- Continue walking with the kettlebells in the racked position
- When you reach your desired length for the double kettlebell racked carry, bring the kettlebells down to arms length
- Continue walking with the kettlebells in the farmer’s walk position
- When you reach your desired length, carefully return the kettlebells to a bench or the floor (note: if going to the floor, I recommend using a sumo kettlebell deadlift technique)
Here is the whole thing in action:
Frequency: 1-3 times per week (more is not better!)
When: At the end of your resistance training session
Load: Start with lighter kettlebells than you think you need (you can always use more weight the next set)
Distances: Start with relatively short distances and progress as you are able. Because you are moving from hardest to easiest position, try to increase the distance with each position change. For example:
- Double kettlebell overhead carry: 2 room lengths
- Double kettlebell racked carry: 3 room lengths
- Kettlebell farmer’s walk: 4 room lengths
Sets: 1-3 sets
Rest times between sets: About 2-3 minutes (you can go longer if needed)
Progression: Start at a do-able intensity. Remember the goal is not to finish your first workout collapsed on the floor in a sweaty, puky mess. Also, a kettlebell dent in your forehead or foot is not a badge of honor. Because kettlebells typically go up in rather large jumps, you want to use double progression. Stay with the same weight and increase your distance each workout. Then, when you do increase the weight, drop the distance back down and slowly build it up again. For example:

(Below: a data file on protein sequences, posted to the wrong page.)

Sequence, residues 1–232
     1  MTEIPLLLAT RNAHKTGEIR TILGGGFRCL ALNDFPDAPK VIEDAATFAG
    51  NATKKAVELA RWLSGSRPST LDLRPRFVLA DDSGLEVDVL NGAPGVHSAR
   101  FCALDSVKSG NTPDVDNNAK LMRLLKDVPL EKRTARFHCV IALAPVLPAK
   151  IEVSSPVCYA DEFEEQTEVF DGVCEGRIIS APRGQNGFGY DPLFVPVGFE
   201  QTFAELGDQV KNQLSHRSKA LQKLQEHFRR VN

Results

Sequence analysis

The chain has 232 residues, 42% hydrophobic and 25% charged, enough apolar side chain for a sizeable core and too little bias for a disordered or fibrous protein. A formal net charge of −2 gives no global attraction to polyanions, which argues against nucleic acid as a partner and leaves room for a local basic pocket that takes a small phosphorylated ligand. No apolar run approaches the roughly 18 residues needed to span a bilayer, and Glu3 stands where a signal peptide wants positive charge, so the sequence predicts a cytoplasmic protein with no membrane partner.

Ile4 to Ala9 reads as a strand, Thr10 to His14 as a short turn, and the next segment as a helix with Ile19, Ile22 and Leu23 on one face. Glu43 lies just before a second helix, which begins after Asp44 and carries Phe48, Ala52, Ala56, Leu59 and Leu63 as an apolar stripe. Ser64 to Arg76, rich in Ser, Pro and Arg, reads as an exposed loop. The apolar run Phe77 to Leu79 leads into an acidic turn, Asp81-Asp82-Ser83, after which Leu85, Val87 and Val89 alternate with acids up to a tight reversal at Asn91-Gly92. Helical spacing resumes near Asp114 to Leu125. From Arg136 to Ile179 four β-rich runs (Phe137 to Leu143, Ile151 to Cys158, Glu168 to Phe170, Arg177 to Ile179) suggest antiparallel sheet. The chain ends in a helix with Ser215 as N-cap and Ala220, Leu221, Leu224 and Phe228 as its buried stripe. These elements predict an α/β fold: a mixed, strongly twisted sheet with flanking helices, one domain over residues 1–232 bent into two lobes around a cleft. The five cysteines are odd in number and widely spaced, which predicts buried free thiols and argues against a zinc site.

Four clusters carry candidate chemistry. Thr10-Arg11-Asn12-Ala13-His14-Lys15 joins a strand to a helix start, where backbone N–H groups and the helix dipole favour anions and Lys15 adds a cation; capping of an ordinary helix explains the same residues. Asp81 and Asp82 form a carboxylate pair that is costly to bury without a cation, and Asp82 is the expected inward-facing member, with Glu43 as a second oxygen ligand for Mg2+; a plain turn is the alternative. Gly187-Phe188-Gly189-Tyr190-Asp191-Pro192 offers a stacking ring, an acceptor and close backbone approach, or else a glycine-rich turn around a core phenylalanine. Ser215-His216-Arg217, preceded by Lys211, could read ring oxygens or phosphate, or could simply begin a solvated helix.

Double kettlebell overhead carry: 18kg x 20meters
Double kettlebell racked carry: 18kg x 30meters
Kettlebell farmer’s walk: 18kg x 40meters
Take as many workouts as needed to get to:
Double kettlebell overhead carry: 18kg x 30meters
Double kettlebell racked carry: 18kg x 40meters
Kettlebell farmer’s walk: 18kg x 50meters
Then, next workout try:
Double kettlebell overhead carry: 20kg x 20meters
Double kettlebell racked carry: 20kg x 30meters
Kettlebell farmer’s walk: 20kg x 40meters
Note: start with even less distance if needed to account for the weight increase
Q: What if I can’t go overhead?
A: You can do this with just the racked position and the farmer’s walk.
Q: What if I don’t have kettlebells?
A: While kettlebells work the best with this, you could try it with dumbbells.
Q: What if I don’t have a lot of space?
A: While some space is needed, you don’t need that much. Unlike big farmer’s walk bars, which are awkward to turn, kettlebells are easy to turn when walking. If you have limited space, try going in a figure-8 pattern so you spend equal times turning in each direction.
Q: What if I only have 1 kettlebell?
A: You can do this with one kettlebell. Just alternate sides before you change position. Also, keep the focus on walking upright as if you had a kettlebell in both hands.
As always, I welcome your comments and/or question below. If you give it a shot, let me know what you think!